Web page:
“The lease agreement therefore altered the reciprocal nature of the applications of the lessor and the lessee. The obligation of the lessee to make payment of the rent was no longer reciprocal to the obligation of the lessor to grant beneficial occupation of the premises to the lessee.”

It was also held in paragraph 17:

“The provision that the rental was to paid on or before the Thursday of each month has the effect that it was to paid in advance by the appellant. The obligation of the appellant to pay the rental was accordingly not reciprocal to the obligation of the respondent to provide beneficial occupation of the entire premises.”

In paragraph 18 it was held:

“The terms of the lease therefore precluded suspension of the payment of rental by the Appellant, as a result of the failure by the respondent to afford the appellant beneficial use of the entire leased premises. As a result the cancellation of the lease by the respondent was justified, the appellant being in arrears with the rental payments.”


[35] The facts in the present matter are, in my view, very similar to that in Tudor Hotel decision. It is common cause that Respondent has not paid the rent due. However, as I have already mentioned, the vacant possession in the present matter is in actual fact not an issue as Respondent was well aware thereof, accepted it and was content to accept the monthly rental from the subtenant Camry until this was stopped by the High Court order in the judgment of Seegobin J. In the judgment of Seegobin J. he referred specifically to the judgment of Tudor Hotel and found that it was applicable and that it had to continue paying rental for the entire premises in terms of its contractual obligation and that it was not dependent upon any reciprocal obligation. I am in agreement with his judgment and the finding in this regard.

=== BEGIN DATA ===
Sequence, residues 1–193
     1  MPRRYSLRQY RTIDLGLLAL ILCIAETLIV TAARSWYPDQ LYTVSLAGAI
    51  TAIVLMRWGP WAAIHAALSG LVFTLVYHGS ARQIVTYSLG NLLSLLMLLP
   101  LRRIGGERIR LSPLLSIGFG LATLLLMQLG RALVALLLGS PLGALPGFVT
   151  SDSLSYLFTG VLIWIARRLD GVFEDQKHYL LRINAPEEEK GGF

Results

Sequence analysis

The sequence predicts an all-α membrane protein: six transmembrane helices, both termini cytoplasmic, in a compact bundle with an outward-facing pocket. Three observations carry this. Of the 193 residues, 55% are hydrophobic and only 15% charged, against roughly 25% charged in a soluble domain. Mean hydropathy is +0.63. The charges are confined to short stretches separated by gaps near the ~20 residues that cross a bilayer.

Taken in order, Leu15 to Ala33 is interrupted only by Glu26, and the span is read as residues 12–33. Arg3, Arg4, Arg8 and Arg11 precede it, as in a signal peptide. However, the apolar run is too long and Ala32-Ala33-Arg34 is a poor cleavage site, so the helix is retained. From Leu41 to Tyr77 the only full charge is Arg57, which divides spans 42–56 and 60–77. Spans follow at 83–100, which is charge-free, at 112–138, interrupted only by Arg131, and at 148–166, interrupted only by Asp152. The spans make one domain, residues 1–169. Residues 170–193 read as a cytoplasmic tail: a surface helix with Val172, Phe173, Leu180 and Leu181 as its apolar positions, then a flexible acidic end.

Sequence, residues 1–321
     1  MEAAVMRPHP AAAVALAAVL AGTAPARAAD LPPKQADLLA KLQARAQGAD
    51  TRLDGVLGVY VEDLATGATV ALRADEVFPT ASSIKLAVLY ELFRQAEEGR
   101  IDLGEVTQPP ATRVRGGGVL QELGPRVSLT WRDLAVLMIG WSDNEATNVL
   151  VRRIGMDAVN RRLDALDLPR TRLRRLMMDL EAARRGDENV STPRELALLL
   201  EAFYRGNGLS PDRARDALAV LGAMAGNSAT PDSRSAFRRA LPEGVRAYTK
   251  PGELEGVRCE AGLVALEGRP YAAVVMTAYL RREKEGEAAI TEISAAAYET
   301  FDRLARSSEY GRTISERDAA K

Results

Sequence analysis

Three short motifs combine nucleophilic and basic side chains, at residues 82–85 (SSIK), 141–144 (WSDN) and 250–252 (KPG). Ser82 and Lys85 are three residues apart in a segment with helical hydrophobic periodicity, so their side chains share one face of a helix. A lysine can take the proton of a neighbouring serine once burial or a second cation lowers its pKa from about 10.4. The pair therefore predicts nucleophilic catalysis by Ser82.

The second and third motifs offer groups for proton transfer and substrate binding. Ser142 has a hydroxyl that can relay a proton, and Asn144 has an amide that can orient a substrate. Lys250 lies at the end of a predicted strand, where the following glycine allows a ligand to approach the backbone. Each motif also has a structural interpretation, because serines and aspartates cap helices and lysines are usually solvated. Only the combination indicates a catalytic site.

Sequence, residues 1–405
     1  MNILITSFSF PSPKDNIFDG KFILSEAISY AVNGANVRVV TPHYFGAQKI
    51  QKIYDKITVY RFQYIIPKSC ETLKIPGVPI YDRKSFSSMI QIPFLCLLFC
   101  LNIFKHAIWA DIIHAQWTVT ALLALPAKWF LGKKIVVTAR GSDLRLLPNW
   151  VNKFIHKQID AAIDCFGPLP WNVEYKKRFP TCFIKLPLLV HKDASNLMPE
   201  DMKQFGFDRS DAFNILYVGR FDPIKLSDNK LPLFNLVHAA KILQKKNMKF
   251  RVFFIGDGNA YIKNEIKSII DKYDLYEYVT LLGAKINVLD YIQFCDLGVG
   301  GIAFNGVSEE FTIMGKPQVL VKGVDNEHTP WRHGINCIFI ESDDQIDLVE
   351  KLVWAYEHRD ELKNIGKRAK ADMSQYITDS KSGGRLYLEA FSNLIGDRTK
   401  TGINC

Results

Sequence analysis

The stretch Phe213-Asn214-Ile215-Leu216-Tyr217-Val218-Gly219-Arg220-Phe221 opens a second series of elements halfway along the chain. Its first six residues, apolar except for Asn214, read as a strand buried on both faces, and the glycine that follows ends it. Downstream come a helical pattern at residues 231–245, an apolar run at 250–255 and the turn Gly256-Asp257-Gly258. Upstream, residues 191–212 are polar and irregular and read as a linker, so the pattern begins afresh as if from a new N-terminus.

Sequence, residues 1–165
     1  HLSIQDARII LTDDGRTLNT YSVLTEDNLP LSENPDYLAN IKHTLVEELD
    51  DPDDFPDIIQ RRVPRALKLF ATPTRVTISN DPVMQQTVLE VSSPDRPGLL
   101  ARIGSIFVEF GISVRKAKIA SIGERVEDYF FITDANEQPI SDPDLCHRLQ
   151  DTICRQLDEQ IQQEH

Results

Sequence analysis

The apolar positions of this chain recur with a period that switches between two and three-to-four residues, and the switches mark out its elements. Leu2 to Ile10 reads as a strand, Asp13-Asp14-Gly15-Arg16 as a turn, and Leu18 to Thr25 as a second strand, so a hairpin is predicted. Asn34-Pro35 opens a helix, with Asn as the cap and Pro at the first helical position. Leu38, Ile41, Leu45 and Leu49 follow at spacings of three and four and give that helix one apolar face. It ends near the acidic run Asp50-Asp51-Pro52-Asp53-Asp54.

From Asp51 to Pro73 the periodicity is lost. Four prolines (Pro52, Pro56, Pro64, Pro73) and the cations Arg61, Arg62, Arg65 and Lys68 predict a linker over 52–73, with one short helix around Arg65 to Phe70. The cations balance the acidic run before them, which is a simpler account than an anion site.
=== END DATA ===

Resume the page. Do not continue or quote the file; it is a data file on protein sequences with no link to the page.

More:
[36] It was further submitted on behalf of Respondent that clause 3.1 of part 4 of the tender document had been deleted from the lease agreement which was ultimately singed by Respondent. It was submitted that clause 3.1 was the governing clause which could not be changed. Clause 3.1 of section 4 of the tender document, the clause in question, reads as follows:

“Should the lessor be unable to give the lessee occupation of a property on the commencement date for any reason whatsoever, whether or not occasioned by the negligence of the lessor and/or the designated person, including (without limiting the generality of the aforegoing) an existing lessee not have vacated the property, the lessee shall have no remedy and shall accept occupation and commence paying rental on such later date on which the property are available.”

It is submitted by Respondent that accordingly no rental was payable because the property was available. It is further submitted that the deletion of clause 3.1 in the lease agreement which was signed by Respondent was irregular and that it had to comply with that of the tender document and that no clause which appeared in the tender document could be excluded from the lease agreement presented to Respondent to sign. In this regard I was referred to the decision of the MEC for Health EC v Kirland Investments 2014 (3) SA 481 (CC) at paragraph 64 and 105 as well as Altech Radio Holdings (Pty) Ltd and Others v Tshwane City 2021 (3) SA 25 (SCA) at paragraphs 1, 2 and 17. I was further referred to the case of Govan Mbeki Municipality v New Integrated Credit Solutions (Pty) Ltd. 2021 (4) SA 436 (SCA) paragraphs 13, 20, 51 and 62 to indicate that the amendment of clause 3.1 was contrary to section 217 of the Constitution and therefore ulta-vires.